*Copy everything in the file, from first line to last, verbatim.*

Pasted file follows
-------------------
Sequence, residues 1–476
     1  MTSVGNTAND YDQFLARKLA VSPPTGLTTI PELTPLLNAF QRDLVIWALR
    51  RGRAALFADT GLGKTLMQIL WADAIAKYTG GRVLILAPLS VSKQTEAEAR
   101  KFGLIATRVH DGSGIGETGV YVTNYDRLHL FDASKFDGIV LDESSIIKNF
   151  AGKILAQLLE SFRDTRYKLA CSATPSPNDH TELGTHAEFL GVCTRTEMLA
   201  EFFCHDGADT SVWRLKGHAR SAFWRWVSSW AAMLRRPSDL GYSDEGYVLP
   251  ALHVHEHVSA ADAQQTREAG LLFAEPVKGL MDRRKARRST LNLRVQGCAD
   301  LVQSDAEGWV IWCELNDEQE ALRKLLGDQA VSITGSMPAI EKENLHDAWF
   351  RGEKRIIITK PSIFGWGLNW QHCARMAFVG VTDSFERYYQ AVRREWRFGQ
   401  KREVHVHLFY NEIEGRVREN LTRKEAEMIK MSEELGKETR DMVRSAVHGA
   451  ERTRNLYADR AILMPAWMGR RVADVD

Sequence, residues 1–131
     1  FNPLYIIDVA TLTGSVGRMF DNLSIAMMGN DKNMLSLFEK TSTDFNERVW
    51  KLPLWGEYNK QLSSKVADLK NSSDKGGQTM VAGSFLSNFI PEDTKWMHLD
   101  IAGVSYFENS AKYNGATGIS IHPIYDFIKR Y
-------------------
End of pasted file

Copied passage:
Sequence, residues 1–476
     1  MTSVGNTAND YDQFLARKLA VSPPTGLTTI PELTPLLNAF QRDLVIWALR
    51  RGRAALFADT GLGKTLMQIL WADAIAKYTG GRVLILAPLS VSKQTEAEAR
   101  KFGLIATRVH DGSGIGETGV YVTNYDRLHL FDASKFDGIV LDESSIIKNF
   151  AGKILAQLLE SFRDTRYKLA CSATPSPNDH TELGTHAEFL GVCTRTEMLA
   201  EFFCHDGADT SVWRLKGHAR SAFWRWVSSW AAMLRRPSDL GYSDEGYVLP
   251  ALHVHEHVSA ADAQQTREAG LLFAEPVKGL MDRRKARRST LNLRVQGCAD
   301  LVQSDAEGWV IWCELNDEQE ALRKLLGDQA VSITGSMPAI EKENLHDAWF
   351  RGEKRIIITK PSIFGWGLNW QHCARMAFVG VTDSFERYYQ AVRREWRFGQ
   401  KREVHVHLFY NEIEGRVREN LTRKEAEMIK MSEELGKETR DMVRSAVHGA
   451  ERTRNLYADR AILMPAWMGR RVADVD

Sequence, residues 1–131
     1  FNPLYIIDVA TLTGSVGRMF DNLSIAMMGN DKNMLSLFEK TSTDFNERVW
    51  KLPLWGEYNK QLSSKVADLK NSSDKGGQTM VAGSFLSNFI PEDTKWMHLD
   101  IAGVSYFENS AKYNGATGIS IHPIYDFIKR Y